Hi, folks! So all of us here at Women and Words are doing this thing this month called “blogging the alphabet.” What that means is each of us is assigned specific letters of the alphabet throughout the month of April. So since I was assigned “A” on this, the first day of April (April! A!) I have to blog on a topic that starts with “A”.
The challenge, we thought, would be coming up with readerly/writerly topics that started with specific letters. And it’d be fun, too.
So I thought about it and the most obvious “A” word, in this instance, is “Author.” But I decided okay, how about an author whose NAME starts with “A” who has had some influence on me?
Well, ta-da! Today I’ll blog about Agatha Christie!
So if you wanna know what I’m even going to ramble on about, CLICKIE MORE! WOOOO!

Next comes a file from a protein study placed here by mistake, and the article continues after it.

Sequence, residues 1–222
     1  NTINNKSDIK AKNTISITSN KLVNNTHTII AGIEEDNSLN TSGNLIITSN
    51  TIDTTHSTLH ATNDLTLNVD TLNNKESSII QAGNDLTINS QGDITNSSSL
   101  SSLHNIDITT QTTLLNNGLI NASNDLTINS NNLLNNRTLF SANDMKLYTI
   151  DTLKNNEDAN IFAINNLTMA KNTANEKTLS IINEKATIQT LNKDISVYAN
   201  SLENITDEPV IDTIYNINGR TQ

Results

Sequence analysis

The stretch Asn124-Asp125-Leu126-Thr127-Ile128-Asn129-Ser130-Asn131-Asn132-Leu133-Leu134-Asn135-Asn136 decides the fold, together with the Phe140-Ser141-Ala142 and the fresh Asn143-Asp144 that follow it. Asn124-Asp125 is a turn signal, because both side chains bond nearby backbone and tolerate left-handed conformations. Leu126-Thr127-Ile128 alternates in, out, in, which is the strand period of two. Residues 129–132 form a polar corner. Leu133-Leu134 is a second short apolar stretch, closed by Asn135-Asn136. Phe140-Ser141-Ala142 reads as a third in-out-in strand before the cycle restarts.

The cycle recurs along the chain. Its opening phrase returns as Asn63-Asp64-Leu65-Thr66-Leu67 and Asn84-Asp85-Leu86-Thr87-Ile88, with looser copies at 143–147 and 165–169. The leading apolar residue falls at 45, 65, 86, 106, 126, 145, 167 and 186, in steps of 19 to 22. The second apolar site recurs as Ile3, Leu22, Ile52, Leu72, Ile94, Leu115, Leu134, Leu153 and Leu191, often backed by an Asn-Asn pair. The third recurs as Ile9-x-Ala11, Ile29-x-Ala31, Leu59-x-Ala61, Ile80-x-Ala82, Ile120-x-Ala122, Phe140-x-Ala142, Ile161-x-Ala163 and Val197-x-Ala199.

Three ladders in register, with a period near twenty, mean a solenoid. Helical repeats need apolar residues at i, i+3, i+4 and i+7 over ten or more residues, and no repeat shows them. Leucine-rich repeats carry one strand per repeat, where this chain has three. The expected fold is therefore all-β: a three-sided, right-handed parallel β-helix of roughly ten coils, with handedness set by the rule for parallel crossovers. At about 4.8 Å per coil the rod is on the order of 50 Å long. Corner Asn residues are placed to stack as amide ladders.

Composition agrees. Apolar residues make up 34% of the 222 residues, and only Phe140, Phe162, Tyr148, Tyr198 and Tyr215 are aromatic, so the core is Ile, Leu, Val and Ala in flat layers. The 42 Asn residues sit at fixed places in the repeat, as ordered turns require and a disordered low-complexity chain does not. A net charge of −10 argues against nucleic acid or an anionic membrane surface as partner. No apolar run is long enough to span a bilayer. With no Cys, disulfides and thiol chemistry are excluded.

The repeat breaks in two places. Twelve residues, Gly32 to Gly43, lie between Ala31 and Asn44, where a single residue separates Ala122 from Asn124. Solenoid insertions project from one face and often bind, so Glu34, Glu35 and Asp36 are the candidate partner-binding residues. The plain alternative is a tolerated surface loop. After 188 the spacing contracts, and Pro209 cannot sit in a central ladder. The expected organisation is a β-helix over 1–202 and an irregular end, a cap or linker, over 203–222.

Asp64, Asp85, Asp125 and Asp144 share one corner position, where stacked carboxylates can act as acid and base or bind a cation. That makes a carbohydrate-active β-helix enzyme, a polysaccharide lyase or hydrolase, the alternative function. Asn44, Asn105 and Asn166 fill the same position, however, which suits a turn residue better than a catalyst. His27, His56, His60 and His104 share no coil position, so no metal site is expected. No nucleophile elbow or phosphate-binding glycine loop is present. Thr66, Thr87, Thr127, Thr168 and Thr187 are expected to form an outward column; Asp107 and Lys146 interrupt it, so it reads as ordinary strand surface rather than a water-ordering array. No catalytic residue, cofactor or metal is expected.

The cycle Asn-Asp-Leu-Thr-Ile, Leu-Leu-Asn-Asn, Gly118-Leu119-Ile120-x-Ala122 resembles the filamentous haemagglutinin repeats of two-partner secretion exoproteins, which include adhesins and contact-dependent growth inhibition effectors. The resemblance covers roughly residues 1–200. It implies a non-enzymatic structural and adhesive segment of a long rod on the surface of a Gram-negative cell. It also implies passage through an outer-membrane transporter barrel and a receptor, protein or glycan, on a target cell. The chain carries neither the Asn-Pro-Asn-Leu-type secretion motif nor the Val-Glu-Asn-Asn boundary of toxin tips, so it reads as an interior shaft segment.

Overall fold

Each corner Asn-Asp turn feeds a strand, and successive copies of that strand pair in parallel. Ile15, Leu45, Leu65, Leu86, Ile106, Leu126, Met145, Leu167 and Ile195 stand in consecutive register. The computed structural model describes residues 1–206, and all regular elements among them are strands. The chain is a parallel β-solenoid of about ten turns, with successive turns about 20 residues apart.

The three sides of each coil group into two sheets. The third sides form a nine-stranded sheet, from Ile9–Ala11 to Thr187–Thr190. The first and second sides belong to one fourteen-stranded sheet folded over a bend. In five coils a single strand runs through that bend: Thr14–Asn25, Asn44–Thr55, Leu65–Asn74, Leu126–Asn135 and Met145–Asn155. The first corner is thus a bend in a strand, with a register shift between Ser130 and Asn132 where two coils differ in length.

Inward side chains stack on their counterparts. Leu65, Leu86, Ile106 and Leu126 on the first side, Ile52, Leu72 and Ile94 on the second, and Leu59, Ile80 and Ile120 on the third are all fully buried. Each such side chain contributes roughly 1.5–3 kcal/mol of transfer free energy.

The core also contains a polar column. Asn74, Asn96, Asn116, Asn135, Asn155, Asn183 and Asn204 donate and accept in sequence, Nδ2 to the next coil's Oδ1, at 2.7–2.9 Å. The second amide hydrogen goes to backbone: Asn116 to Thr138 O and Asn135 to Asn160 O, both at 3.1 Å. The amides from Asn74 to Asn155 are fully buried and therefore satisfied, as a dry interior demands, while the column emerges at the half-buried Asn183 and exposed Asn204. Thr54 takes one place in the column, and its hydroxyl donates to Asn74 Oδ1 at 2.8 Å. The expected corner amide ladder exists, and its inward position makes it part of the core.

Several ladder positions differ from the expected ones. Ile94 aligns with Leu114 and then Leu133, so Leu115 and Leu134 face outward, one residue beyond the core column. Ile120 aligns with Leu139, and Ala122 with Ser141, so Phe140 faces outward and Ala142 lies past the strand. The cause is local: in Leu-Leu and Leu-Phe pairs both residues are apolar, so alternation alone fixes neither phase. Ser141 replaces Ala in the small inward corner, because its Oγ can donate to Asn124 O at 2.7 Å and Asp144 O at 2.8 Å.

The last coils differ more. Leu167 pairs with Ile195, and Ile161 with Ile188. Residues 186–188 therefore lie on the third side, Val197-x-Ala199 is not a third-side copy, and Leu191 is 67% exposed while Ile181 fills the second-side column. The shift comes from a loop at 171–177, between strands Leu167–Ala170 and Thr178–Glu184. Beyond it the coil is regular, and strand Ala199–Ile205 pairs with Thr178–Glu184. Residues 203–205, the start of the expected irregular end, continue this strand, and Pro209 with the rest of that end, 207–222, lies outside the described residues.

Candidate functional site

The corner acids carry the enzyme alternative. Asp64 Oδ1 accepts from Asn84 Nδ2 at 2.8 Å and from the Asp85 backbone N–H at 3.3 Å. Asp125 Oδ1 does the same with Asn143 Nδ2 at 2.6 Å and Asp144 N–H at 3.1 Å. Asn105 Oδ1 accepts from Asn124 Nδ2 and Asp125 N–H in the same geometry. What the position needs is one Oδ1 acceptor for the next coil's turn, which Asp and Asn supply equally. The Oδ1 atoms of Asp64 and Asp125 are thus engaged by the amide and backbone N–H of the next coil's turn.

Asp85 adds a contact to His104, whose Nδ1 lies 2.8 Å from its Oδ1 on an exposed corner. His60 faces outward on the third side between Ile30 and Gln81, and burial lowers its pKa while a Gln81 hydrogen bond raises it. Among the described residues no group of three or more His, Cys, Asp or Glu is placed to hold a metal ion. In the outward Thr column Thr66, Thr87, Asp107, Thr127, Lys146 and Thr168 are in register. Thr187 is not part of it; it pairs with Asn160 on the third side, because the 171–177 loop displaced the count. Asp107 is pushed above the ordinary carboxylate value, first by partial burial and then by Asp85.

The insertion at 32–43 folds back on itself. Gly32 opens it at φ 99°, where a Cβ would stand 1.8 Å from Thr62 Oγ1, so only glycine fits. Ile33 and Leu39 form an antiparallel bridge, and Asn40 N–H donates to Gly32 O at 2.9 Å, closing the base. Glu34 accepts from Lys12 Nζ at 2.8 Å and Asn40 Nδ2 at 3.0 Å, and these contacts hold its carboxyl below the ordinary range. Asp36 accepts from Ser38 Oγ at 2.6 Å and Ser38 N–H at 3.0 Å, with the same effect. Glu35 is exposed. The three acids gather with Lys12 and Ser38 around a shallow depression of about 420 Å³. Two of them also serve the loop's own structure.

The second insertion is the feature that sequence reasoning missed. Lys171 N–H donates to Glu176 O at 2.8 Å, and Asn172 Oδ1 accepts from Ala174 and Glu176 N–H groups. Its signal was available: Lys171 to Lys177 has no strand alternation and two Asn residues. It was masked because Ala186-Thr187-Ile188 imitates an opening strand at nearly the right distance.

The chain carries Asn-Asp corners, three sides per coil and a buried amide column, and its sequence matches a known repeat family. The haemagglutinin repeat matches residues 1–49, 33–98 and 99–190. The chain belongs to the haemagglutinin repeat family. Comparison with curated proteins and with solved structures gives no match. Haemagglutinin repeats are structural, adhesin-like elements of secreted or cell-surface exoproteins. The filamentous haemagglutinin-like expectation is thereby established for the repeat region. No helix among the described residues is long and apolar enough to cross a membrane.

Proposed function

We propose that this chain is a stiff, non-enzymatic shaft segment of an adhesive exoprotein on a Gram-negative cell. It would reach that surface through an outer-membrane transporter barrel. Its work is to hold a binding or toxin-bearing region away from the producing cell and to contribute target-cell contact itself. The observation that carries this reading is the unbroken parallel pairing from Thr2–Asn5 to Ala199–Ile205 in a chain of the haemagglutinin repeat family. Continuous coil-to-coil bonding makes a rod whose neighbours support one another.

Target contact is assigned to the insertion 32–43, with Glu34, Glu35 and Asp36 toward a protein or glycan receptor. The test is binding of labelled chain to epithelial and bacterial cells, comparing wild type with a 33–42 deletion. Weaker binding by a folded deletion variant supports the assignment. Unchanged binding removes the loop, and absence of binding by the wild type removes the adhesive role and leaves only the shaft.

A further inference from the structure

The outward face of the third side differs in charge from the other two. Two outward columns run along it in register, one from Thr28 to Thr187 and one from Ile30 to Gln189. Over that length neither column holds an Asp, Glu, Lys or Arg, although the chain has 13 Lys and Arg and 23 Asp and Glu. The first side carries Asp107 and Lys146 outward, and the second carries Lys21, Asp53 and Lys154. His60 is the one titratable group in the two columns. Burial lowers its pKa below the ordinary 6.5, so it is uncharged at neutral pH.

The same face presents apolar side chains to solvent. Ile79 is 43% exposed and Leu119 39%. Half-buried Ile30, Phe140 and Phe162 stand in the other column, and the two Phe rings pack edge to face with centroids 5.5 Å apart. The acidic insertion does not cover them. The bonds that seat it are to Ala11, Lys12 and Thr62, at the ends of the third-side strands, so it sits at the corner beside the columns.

Agatha Christie is perhaps the grande dame of the whodunnit. As a ‘tween and teen, I read every single mystery she wrote. She is the best-selling author of all time, and I say “is” because even though she is no longer with us, her books CONTINUE to sell. Over two billion copies of her works have sold worldwide, translated into 45 diffierent languages. Some people don’t realize that she also wrote plays, one of which, “The Mousetrap,” is the longest-running play in theatrical history.
Born Agatha May Clarissa Miller in Devon, England in 1890, Christie’s imagination revealed itself early during her childhood. Reputedly shy, she seemed to have had some difficulties expressing herself openly, so she created all kinds of games to keep herself occupied. She first turned to music as a form of self-expression and then, as we all know, to writing. In 1914, she married Archie Christie, a fighter pilot in WWI. She worked as a nurse during the war, and while her husband was off doing pilot things, she came up with the idea to write a detective novel while employed at a hospital. So she did, and a year later, she had her first novel written though she didn’t publish it until 1920.